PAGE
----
Leopard Skins and Prints: The Good and the Bad


Thoughts on Leopard skins and prints have been wide spread since the early 20th century. It has either been a highly valued, luxurious and sophisticated item among the upper class or a rather trashy sign. It has been worn by president’s wives, royalty, and even rock stars.

Leopard skin coats and other clothing and accessory items became especially popular in the 1920s after movie stars like Joan Crawford strutted through Hollywood movies in the skin. One fashion designer of the time, Christian Dior, kept the trend going for the most glamorous of women. He was quoted, ” If you are fair and sweet, don’t wear it.” In the 1950s and 60s, this gave way to the idea that a woman who wore leopard was a trophy wife. In other words, the print represented a rather “undomesticated” woman.

The print that was once seen as sophisticated now became a trashy symbol. It made itself into a racy Hollywood catalog, Fredericks of Hollywood. When the 1970s and 80s rolled around, it evolved even further into a must have piece for rock and roll performers and fans everywhere, however as a print and not a skin. The Endangered Species Act of 1973 kept leopards from being slaughtered for their skin.

As time went on, leopard print became popular among women for representing not only their feminine sexuality, but also a more powerful symbol for them not so much being a predator, but them not being a prey in society. The leopard stood for independence, power, and courage, making an ideal symbol.

The Historic Clothing and Textiles collection is home to many clothing items such as hats, coats, bags, and shoes that have the leopard print or skin, as well a snow leopard long sleeve coat for women dating back to 1965-1975.

These shoes to the left are dated from 1965-1970. They are leopard fur skin pumps with a square toe and chunky heel.










Ringing The New Year In Style

Christmas has come and gone, the presents have been opened, the laughter has been shared, and now it is time to ring in the new year. We have turned from red and green to sparkling silver and gold.

The celebration of the new year began over four millennia ago in Babylon. Babylonians chimed in the new year in march with the first new moon following the vernal equinox. Every year, a new king would be renewed or his throne would stay in place. It was a process on history to reach the calendar we have today. The Roman Calendar originally had 10 months and 304 days. Numa Pompilius, a king in the eighth century, added Januarius and Februarius. However, Julius Caesar changed it to the Julian Calendar when he saw that the stars and moons were not aligning. Astronomers and mathematicians were called to fix this problem and eventually his calendar, which resembles the modern Gregorian calendar that we use today. January 1st became the official start of the new year to honor Janus, the Roman god of new beginnings. For medieval European Christians, the official date became January 1st for a different reason. It followed and preceded certain religious holidays such as December 25, the birth of Jesus, and arch 25, the Feast of the Annunciation.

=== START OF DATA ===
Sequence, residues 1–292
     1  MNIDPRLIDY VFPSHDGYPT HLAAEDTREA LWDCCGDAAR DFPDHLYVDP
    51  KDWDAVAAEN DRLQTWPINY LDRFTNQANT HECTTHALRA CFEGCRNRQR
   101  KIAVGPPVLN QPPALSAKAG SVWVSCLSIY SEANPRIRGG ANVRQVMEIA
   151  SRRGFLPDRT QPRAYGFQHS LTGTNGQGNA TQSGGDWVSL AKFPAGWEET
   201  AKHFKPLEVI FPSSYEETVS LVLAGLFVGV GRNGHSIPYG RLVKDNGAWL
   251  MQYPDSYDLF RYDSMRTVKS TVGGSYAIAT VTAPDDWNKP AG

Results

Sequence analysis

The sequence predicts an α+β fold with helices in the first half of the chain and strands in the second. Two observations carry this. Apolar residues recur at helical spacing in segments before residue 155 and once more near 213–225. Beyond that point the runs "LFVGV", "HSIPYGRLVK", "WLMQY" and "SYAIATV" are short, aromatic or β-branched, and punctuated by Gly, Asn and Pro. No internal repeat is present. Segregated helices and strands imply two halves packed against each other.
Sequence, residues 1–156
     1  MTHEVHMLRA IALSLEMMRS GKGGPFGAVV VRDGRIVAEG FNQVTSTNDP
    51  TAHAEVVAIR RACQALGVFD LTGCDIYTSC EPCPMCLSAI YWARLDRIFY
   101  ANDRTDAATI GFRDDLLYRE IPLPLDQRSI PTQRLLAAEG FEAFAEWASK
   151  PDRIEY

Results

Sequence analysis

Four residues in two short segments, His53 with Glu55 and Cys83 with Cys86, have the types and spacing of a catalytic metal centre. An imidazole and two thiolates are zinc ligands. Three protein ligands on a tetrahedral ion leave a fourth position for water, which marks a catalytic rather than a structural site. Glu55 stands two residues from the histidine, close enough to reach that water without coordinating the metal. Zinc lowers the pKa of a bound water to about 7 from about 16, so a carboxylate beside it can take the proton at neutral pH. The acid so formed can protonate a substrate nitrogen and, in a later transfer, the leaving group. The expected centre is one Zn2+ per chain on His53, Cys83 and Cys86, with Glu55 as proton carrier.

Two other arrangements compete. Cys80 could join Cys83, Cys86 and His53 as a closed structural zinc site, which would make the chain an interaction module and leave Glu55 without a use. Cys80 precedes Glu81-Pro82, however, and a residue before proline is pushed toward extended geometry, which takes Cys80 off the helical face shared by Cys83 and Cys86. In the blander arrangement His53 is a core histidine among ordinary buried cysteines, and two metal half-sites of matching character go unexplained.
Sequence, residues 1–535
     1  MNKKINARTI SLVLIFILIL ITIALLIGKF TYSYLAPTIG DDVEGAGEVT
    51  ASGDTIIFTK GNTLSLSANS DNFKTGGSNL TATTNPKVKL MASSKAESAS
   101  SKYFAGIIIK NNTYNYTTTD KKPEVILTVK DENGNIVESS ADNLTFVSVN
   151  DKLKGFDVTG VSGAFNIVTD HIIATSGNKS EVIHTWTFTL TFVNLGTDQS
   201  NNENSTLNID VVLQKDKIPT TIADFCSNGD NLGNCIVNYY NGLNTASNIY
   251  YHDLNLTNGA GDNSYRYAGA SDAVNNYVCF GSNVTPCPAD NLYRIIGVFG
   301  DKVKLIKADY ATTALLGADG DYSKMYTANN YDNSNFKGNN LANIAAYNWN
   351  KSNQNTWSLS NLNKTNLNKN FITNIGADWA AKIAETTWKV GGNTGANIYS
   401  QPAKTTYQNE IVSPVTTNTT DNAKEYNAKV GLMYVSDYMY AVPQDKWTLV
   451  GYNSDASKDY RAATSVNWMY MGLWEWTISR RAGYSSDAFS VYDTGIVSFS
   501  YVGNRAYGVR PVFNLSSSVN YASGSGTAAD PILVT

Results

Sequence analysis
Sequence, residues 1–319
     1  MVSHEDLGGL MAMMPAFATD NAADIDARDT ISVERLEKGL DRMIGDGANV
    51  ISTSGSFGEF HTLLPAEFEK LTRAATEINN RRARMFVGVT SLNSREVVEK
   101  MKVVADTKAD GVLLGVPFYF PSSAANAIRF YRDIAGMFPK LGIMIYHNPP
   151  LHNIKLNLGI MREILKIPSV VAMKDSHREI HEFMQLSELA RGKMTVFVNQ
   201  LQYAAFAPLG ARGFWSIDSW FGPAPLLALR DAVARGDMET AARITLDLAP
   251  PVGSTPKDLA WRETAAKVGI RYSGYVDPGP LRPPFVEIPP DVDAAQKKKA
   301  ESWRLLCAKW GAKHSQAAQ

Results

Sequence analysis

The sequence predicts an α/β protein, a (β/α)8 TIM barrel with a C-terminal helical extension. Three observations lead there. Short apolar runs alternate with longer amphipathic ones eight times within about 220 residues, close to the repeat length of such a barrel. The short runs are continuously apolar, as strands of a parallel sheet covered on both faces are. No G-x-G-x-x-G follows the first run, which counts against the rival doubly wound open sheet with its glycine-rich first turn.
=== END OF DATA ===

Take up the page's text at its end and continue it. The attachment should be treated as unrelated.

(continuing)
While the Romans celebrated the new year with sacrifices to their god, Janus, and decorating their homes in laurel branches, today’s celebrations look different. The celebration vary in different parts of the world in present date. For example, the people of Spain eat 12 grapes in the moments before the new year. In the United States, the biggest celebration is in Times Square, New York. The music, fireworks, and dropping of the ball all are all part of the celebration. Millions of people watch this moment on TV. It has been a tradition ever since 1907. What you wear on new years is dependent on how you plan to celebrate. Some occasions call for black tie when a dinner with family only calls for a casual fit.

Here are two dresses perfect for ringing in the new year. To the left is a ladies short feathered evening dress. The aqua tulle is accompanied by a slightly fitted straight silhouette. It has a high rounded neckline and is sleeveless with bias banding. the entire dress is hand beaded and embroidered with aqua and gold metallic thread with tiny seed pearls, various shaped crystal bugle beads, small gold balls, clusters of iridescent rhinestones and flower heads. The aqua feathers ae applied on the beading creating a glimmer shimmering affect. The dress ranges from 1964-1965 and was designed by Pierre Balmain in in Paris, France.

Pierre Balmain was born on March 18, 1914 in Paris, France. his father was a drapery salesman and died when Pierre was only seven years old, and his mother owned a fashion boutique with her sisters. He founded his company, Balmain, in 1947. His post-war looks were very feminine for the day, making his designs stand out. He loved richly embroidered fabrics, nipped in waists, and long, fuller skirts. He said dressmaking was “the architecture in movement.”


The next dress is a long pink silk dress with gold an silver sparkles. It ranges from 1980-1989. the creator is unknown, but the dress is perfect for new years because of its silver and gold sparkles.






history.com Editors. (February 16, 2010). New Year’s. Lasted updated September 12, 2018. Accessed on December 10, 2018. https://www.history.com/topics/holidays/new-years